"Demmy, mum, you had Satan there as well! Who but Satan could have tempted you all to disregard me, your lawful lord and master, as you every one of you did for that wretch's sake! Hang it, parson, I wasn't the master of my own house, nor head of my own family! Precious Father Gray was! Black Donald was! Oh, you shall hear!" cried Old Hurricane, in a frenzy.

"Pray, sir, be patient and do not blame the women for being no wiser than you were yourself," said Mr. Goodwin.

"Tah! tah! tah! One act of folly is a contingency to which any man may for once in his life be liable; but folly is the women's normal condition! You shall hear! You shall hear! Hang it, sir, everybody had to give way to Father Gray! Everything was for Father Gray! Precious Father Gray! Excellent Father Gray! Saintly Father Gray! It was Father Gray here and Father Gray there, and Father Gray everywhere and always! He ate with us all day and slept with us all night! The coolest cot in the dryest nook of the tent at night--the shadiest seat at the table by day--were always for his reverence! The nicest tit-bits of the choicest dishes--the middle slices of the fish, the breast of the young ducks, and the wings of the chickens, the mealiest potatoes, the juiciest tomatoes, the tenderest roasting ear, the most delicate custard, and freshest fruit always for his reverence! I had to put up with the necks of poultry, and the tails of fishes, watery potatoes, specked apples and scorched custards-- and if I dared to touch anything better before his precious reverence had eaten and was filled, Mrs. Condiment there--would look as sour as if she had bitten an unripe lemon--and Cap would tread on my gouty toe! Mrs. Condiment, mum, I don't know how you can look me in the face!" said Old Hurricane, savagely. A very unnecessary reproach, since poor Mrs. Condiment had not ventured to look any one in the face since the discovery of the fraud of which she, as well as others, had been an innocent victim.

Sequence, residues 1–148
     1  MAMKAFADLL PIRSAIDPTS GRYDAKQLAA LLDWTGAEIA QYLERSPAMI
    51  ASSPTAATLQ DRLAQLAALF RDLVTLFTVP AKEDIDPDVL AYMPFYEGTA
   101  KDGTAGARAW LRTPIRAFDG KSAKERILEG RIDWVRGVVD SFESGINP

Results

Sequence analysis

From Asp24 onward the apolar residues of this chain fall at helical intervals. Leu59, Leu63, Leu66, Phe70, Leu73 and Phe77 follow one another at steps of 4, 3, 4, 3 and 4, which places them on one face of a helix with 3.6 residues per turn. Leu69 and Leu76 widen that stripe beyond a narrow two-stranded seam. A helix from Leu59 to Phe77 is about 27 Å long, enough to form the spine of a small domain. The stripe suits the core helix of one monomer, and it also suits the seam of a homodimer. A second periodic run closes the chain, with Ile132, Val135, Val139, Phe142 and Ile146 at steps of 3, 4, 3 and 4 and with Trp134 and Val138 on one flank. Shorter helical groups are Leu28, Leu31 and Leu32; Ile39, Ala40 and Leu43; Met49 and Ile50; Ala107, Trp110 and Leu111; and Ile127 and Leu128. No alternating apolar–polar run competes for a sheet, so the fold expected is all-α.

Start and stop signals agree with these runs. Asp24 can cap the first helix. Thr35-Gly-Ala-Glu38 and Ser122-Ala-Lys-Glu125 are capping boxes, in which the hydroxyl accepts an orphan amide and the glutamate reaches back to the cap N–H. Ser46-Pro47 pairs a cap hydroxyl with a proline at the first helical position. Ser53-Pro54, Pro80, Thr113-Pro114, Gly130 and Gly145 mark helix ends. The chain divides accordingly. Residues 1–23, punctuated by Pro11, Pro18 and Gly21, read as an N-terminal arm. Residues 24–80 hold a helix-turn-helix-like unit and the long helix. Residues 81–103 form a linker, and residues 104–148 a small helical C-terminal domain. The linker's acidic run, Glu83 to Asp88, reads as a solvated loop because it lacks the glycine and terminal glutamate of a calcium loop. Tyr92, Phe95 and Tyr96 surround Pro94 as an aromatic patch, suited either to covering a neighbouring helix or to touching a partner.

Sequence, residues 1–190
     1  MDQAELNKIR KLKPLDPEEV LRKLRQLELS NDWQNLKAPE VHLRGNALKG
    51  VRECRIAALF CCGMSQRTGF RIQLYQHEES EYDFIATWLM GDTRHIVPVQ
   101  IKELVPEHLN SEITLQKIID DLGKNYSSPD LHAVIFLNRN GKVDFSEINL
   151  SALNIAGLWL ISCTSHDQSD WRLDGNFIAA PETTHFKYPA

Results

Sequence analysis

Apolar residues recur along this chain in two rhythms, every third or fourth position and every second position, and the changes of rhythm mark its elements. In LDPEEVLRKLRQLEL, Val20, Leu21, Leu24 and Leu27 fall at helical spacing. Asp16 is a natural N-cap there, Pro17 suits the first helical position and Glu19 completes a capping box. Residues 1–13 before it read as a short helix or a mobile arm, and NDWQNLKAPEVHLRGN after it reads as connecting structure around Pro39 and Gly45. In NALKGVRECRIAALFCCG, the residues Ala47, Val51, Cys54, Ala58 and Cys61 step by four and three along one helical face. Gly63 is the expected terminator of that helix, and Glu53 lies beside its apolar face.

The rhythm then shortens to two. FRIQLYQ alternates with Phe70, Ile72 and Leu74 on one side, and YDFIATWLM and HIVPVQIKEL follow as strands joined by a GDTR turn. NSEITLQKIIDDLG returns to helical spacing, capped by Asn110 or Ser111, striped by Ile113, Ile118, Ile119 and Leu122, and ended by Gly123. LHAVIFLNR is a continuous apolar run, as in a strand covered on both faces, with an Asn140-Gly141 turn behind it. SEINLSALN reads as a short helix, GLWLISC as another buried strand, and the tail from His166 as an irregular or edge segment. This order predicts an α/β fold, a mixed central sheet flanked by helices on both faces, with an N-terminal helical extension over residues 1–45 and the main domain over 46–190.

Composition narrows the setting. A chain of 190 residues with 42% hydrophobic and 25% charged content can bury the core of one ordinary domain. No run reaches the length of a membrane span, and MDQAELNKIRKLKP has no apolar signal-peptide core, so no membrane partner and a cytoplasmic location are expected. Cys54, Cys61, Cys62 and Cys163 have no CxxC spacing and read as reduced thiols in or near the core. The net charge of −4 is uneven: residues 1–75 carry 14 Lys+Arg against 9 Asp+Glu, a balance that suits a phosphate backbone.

"Come, come, my dear major, there is no harm done to you or your family; therefore, take patience!" said Mr. Goodwin.

"Demmy, sir, I beg you pardon, parson, I won't take patience! You don't know! Hang it, man, at last they got me to give up one-half of my own blessed bed to his precious reverence--the best half which the fellow always took right out of the middle, leaving me to sleep on both sides of him, if I could! Think of it--me, Ira Warfield-- sleeping between the sheets--night after night--with Black Donald! Ugh! ugh! ugh! Oh, for some lethean draught that I might drink and forget! Sir, I won't be patient! Patience would be a sin! Mrs. Condiment, mum, I desire that you will send in your account and supply yourself with a new situation! You and I cannot agree any longer. You'll be putting me to bed with Beelzebub next!" exclaimed Old Hurricane, besides himself with indignation.

Mrs. Condiment sighed and wiped her eyes under her spectacles.

The worthy minister, now seriously alarmed, came to him and said:

"My dear, dear major, do not be unjust--consider. She is an old faithful domestic, who has been in your service forty years--whom you could not live without! I say it under advisement--whom you could not live without!"

"Hang it, sir, nor live with! Think of her helping to free the prisoners! Actually taking Black Donald--precious Father Gray!--into their cell and leaving them together to hatch their--beg you pardon- -horrid plots!"

"But, sir, instead of punishing the innocent victim of his deception, let us be merciful and thank the Lord, that since those men were delivered from prison, they were freed without bloodshed; for remember that neither the warden nor any of his men, nor any one else has been personally injured,"

"Hang it, sir, I wish they had cut all our throats to teach us more discretion!" broke forth Old Hurricane.

"I am afraid that the lesson so taught would have come too late to be useful!" smiled the pastor.

"Well, it hasn't come too late now! Mrs. Condiment, mum, mind what I tell you! As soon as we return to Hurricane Hall, send in your accounts and seek a new home! I am not going to suffer myself to be set at naught any longer!" exclaimed Old Hurricane, bringing down his cane with an emphatic thump.

The sorely troubled minister was again about to interfere, when, as the worm if trodden upon, will turn, Mrs. Condiment herself spoke


Capitola The Madcap - 5/61